A Separation is a film that can illicit such an intense visceral reaction that it can be paralyzing. The seamless method in which writer/director Asghar Farhadi integrates concepts of religion, masculine hegemony, feminine subversion, familial bonds, and the struggles between emotions and law into his film is nothing short of astonishing. Here’s a film that relishes in its ability to develop broad concepts into a condensed narrative arch that looks like a piece of naturalistic cinema. It’s a picture that is handled with a great deal of formal sophistication yet somehow feels impromptu and probing, to the point that it feels like the audience is wrapped up in the grand turmoil that is afflicting the film’s central family. And perhaps most impressive of all is A Separation’s unbiased perspective on the issues at hand – characters have their reasons for doing what they’re doing, with an awareness of the possible outcomes. These characters have a worldview that may differ from my own, but the logic and fierce emotional work invested in their arguments is so captivating. Farhadi’s observations on human behavior doesn’t carry a hint of cynicism, yet remains ingrained in reality – for that, the picture’s humane perspective transcends any cultural barriers and makes for an incredibly accessible and universal film.
I’ll bypass any attempt to summarize the film, as part of what makes A Separation so incredibly moving is how you immerse yourself in the proceedings. Farhadi develops an incredible rhythm, whereupon the mundane aspects of life seep into the life of a married couple. Their 11 year old daughter is the film’s central moral compass, serving to unite opposing sides. Of great importance to both the formal narrative and the film’s broader philosophical statements, the adolescent daughter almost communicates directly with the audience, wherein she observes the behaviors and actions of her parents with an innocent, though perceptive, eye.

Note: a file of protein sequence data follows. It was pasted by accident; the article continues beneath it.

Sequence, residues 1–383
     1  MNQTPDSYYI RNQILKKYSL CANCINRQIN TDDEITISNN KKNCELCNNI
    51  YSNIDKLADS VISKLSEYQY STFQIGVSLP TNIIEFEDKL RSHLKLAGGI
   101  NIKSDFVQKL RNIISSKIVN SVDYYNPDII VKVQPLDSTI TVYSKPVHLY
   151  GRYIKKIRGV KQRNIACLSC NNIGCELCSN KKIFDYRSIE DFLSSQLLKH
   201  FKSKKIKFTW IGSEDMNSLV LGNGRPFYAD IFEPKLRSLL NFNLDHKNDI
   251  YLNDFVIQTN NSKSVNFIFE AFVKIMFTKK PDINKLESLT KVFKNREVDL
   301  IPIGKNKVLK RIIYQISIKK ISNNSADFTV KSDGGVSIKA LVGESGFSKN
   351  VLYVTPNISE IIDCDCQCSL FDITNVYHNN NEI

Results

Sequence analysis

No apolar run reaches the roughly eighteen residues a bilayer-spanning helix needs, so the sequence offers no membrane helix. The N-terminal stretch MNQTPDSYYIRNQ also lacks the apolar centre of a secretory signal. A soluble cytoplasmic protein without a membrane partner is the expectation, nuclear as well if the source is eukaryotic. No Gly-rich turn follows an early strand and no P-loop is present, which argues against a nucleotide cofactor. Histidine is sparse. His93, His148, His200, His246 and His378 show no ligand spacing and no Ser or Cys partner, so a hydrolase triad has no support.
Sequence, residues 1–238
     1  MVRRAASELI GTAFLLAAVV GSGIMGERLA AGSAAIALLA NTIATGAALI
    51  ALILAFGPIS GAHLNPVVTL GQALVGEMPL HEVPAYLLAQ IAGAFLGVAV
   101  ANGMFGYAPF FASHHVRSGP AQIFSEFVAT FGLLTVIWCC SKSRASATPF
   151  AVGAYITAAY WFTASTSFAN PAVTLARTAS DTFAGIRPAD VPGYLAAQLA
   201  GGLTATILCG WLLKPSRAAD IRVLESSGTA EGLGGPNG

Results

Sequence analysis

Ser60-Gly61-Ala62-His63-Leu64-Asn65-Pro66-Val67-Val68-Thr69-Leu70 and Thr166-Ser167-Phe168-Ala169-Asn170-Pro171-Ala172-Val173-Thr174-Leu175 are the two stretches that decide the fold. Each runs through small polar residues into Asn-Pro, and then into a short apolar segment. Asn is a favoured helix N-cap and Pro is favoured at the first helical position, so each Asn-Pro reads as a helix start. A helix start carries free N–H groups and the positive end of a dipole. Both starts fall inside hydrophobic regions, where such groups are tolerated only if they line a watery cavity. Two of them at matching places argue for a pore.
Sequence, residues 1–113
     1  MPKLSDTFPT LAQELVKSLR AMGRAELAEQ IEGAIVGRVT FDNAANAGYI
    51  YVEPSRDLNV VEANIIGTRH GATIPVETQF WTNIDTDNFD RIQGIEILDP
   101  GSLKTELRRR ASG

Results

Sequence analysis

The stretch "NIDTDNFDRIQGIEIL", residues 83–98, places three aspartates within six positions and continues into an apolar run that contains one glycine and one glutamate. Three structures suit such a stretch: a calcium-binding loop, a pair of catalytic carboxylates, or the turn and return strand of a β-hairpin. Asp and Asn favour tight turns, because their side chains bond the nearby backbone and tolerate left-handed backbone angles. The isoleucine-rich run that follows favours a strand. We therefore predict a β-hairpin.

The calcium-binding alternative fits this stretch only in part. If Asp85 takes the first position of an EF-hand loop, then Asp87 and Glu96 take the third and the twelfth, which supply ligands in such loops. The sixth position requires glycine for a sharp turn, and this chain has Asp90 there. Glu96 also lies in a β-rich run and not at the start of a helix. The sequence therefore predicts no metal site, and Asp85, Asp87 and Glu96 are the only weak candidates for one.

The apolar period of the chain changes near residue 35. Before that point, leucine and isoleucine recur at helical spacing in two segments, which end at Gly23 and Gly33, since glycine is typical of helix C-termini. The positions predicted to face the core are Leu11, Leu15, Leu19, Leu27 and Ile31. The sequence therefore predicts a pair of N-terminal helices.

Farhadi seems to draw his visual technique from the Dardenne brothers, though it’s a bit more subdued – there aren’t grand crescendos of technique where he chases after his characters. Instead, Farhadi tends to allow his character’s volatile emotions to register through the screen. It’s at particular points throughout the film where we see Farhadi simply position his camera in a stationary position. I made note at the beginning of my write-up of how paralyzing the picture can become. These bouts seem to mirror Farhadi’s reaction to the proceedings – he holds the camera still and simply observes the palpable reality of the situation. This method doesn’t just advance the narrative, but offers additional insight to the philosophically probing nature of the picture. Bookended by essentially the same sequence, Farhadi brings a close to this method of paralyzing stillness, wherein he observes a couple – the subtle differences between them, from their position in the frame to their body language, provides the picture with an immediate sense of profundity.